Turning Your Journal Into An Idea Bank


A few magazines refer to their written idea sources in assigning articles to reliable, experienced writers, or even allow those writers to peruse them for topics to write about.

And for awhile, I kept an idea book that was similar to a writer's journal. But there was a problem. If I needed an idea, I had to virtually read every entry before locating the one I wanted and needed. However, doing this so frequently proved to be a waste of time and energy. But after tweaking it a bit, I found a way to make it more efficient and profitable for me.

I used a looseleaf cover and paper, organizing my journal into a few specific categories of interest, such as "pet health." There, I would include entries that directly related to that topic. For example, I would include observations tracking my progress in helping my cat recover from conjunctivities (pink eye), following following the vet's advice to developing my own strategies for administrating medicine with an eye dropper. I would also include a few notes on what I probably should have done, as well as mistakes I made during that time. Bits of information from relevant, reliable websites and books would be included.

Organizing my observations and notes this way enabled me to quickly locate a given topic and review its entries. Rereading those entries not only refreshes my mind, but provides some material from which to manipulate and gain additional insights for possible articles and books.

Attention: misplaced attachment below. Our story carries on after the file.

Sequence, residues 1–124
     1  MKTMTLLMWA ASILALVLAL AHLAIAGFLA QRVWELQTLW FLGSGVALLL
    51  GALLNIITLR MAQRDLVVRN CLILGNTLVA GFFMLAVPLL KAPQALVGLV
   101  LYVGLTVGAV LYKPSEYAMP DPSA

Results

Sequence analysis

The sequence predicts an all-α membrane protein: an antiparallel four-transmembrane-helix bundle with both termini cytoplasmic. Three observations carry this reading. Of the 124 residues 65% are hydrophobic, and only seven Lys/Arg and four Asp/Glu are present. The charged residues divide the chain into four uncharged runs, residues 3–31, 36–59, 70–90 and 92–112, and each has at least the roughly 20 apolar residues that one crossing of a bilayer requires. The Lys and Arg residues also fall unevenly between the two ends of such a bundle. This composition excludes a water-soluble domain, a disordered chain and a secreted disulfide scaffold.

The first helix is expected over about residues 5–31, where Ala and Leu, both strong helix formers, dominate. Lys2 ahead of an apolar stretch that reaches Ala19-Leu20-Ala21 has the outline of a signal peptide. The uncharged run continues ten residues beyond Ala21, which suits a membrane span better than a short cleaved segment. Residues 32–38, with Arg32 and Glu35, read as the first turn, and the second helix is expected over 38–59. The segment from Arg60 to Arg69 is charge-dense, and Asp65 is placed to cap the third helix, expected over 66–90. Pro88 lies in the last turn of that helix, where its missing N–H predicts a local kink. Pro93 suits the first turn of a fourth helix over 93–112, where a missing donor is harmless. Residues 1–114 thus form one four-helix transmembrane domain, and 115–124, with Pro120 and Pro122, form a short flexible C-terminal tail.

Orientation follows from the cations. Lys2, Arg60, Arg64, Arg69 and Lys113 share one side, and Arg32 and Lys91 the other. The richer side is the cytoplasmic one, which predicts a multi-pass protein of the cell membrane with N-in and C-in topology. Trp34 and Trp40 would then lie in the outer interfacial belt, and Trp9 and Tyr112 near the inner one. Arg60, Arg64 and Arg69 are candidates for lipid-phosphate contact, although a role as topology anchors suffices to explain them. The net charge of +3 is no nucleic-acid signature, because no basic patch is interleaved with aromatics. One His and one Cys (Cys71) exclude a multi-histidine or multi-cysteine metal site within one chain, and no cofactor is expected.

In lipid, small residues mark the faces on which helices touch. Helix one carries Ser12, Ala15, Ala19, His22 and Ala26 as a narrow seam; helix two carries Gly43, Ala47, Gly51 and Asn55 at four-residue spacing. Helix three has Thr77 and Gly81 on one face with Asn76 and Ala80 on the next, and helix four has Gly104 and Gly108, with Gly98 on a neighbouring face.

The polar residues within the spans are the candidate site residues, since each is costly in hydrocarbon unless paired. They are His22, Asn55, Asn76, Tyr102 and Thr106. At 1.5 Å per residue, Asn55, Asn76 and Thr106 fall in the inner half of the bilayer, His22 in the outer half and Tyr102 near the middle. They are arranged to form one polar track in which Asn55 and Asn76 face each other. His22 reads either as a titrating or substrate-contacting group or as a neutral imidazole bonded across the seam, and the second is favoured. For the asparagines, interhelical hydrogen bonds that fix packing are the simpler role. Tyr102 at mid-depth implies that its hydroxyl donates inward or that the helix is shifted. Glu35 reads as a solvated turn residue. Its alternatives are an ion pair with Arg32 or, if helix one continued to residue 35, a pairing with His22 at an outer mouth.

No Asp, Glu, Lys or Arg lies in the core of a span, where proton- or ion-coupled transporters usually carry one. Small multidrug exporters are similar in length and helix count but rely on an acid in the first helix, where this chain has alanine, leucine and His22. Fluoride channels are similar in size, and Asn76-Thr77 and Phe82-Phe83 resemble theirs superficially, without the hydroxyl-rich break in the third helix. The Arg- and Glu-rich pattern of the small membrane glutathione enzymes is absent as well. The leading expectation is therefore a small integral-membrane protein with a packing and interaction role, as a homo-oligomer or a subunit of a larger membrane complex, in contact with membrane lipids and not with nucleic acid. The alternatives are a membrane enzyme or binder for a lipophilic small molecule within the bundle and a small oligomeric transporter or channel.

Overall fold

In effect, I was writing entries in a writer's journal, but in a more organized manner. No more endless searches and rereading entries for me!

You can try this yourself, using a separate hardcover, stitched notebook for each topic of interest. This strategy is especially effective if your topic or topics are rather involved, motivating you to write detailed entries. Otherwise, a looseleaf notebook is fine. You can change the order of topics from three to two and organize their contents better.

Another suggestion is dating each entry, as well as assigning a title to it. Doing this will save time. Instead of reading all of the entries under a given category, all you'll need to do is read a few selected ones. Dating entries is also useful for organizing purposes, especially if you want to track your progress in moving from idea trigger to a fully developed piece.

And finally, wait until you have a month to several months' worth of entries under various topics of interest. Your subconscious will be at work in the meantime and you will be in for a pleasant surprise when you refer to your idea book again. Remember to keep making entry "deposits!" And have fun.

Happy idea mining!